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Craig A. Hart is a lecturer at Johns Hopkins University’s Energy Policy & Climate program in Washington, D.C. Craig serves as Executive Director of the Pace Energy and Climate Center at Pace University’s Haub School of Law and is a nonresident senior fellow at the Atlantic Council Global Energy Center.

Craig has worked with governments and projects in the Americas, Asia, the Middle East, and Africa on renewables, energy efficiency, grid modernization and microgrids, and low carbon technologies for the fossil-fuel power generation sector. In the utility reform area, Craig advised Uzbekistan in its ongoing energy market and utility reform initiative leading to the restructuring of the state energy company Uzbekneftegaz and advised the country of Georgia’s Ministry of Energy in reforming its state electricity transmission company.

Craig is a member of the American Society of Mechanical Engineers’ Council on Standards and Certification, which establishes and maintains ASME safety and performance standards, and monitors their implementation globally. Additionally, he serves on the International Standards Organization’s U.S. Technical Advisory Committee 265 for carbon sequestration technologies.

Craig’s academic research concentrates on energy transition and decarbonization in the context of economic development and firm competitiveness. His work includes an extensive focus on China, having lived and worked in China for almost a decade, teaching at Tsinghua University and Renmin (People’s) University of China, and consulting to intergovernmental organizations. He writes regularly on China’s energy transition, including Mapping China’s Climate & Energy Policies (now in its fourth edition, 2019).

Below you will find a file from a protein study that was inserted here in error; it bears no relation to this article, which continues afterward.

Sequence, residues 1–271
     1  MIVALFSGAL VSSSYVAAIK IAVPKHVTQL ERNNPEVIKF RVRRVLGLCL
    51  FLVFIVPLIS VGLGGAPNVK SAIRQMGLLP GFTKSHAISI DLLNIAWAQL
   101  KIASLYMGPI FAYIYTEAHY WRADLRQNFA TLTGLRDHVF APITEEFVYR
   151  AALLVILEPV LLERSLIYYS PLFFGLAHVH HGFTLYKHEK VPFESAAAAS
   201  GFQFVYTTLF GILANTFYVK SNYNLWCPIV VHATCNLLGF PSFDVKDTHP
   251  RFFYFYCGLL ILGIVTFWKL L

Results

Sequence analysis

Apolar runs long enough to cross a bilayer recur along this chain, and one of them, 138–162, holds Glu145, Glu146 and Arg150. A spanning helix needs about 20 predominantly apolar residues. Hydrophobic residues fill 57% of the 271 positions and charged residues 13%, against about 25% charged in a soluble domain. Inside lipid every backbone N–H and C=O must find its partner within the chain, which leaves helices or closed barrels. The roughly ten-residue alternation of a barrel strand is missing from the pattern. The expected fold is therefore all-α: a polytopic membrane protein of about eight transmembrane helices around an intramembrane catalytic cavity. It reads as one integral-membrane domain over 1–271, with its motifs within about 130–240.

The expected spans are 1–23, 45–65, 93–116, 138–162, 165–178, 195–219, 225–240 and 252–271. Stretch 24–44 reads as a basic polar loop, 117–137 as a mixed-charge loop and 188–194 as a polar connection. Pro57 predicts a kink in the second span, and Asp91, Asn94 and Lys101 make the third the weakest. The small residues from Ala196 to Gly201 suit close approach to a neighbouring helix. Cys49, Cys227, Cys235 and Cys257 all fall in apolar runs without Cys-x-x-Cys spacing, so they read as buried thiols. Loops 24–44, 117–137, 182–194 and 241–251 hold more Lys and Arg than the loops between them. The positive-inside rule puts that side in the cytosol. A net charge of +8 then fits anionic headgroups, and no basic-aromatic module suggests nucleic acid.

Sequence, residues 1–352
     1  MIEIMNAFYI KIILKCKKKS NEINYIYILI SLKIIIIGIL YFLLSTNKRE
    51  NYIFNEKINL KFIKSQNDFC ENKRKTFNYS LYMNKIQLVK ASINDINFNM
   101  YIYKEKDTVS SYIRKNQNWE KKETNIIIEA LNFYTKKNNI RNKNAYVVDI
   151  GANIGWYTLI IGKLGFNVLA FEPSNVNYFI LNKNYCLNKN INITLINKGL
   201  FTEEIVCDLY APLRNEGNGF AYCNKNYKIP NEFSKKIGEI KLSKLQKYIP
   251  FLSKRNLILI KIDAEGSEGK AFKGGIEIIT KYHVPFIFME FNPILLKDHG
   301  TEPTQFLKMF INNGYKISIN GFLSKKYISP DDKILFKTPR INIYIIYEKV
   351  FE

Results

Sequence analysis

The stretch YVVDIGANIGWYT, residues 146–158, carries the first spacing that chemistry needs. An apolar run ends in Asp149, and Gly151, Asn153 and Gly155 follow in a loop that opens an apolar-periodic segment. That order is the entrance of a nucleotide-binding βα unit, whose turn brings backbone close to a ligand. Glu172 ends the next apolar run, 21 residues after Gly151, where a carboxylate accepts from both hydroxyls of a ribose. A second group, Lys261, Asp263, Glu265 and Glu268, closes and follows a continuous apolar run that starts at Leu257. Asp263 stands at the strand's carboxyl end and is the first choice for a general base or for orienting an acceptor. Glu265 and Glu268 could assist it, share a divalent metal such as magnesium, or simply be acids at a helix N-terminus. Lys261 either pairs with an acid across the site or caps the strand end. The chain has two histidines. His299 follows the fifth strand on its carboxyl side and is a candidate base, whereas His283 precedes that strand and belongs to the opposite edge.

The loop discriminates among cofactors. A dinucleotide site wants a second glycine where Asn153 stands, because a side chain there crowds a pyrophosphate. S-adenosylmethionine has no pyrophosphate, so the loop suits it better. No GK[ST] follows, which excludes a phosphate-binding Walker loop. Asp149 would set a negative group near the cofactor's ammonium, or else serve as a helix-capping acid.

Prior to academia, Craig practiced law in the energy infrastructure project finance, capital markets, and carbon management fields, representing project developers, lenders, and investors focusing on energy infrastructure, clean energy, and high technology. His practice included practicing with the international law firms White & Case and O’Melveny & Myers, and serving as counsel to the Asia Development Bank’s Future Carbon Fund, a $115 million fund to finance renewables and carbon reduction projects under the Clean Development Mechanism throughout Asia and the Pacific.

Craig earned a PhD from the Massachusetts Institute of Technology researching decarbonization paths with the aim of preventing dangerous climate change, a bachelor’s and a law degree from the University of California at Berkeley, and a master’s in economics from New York University.

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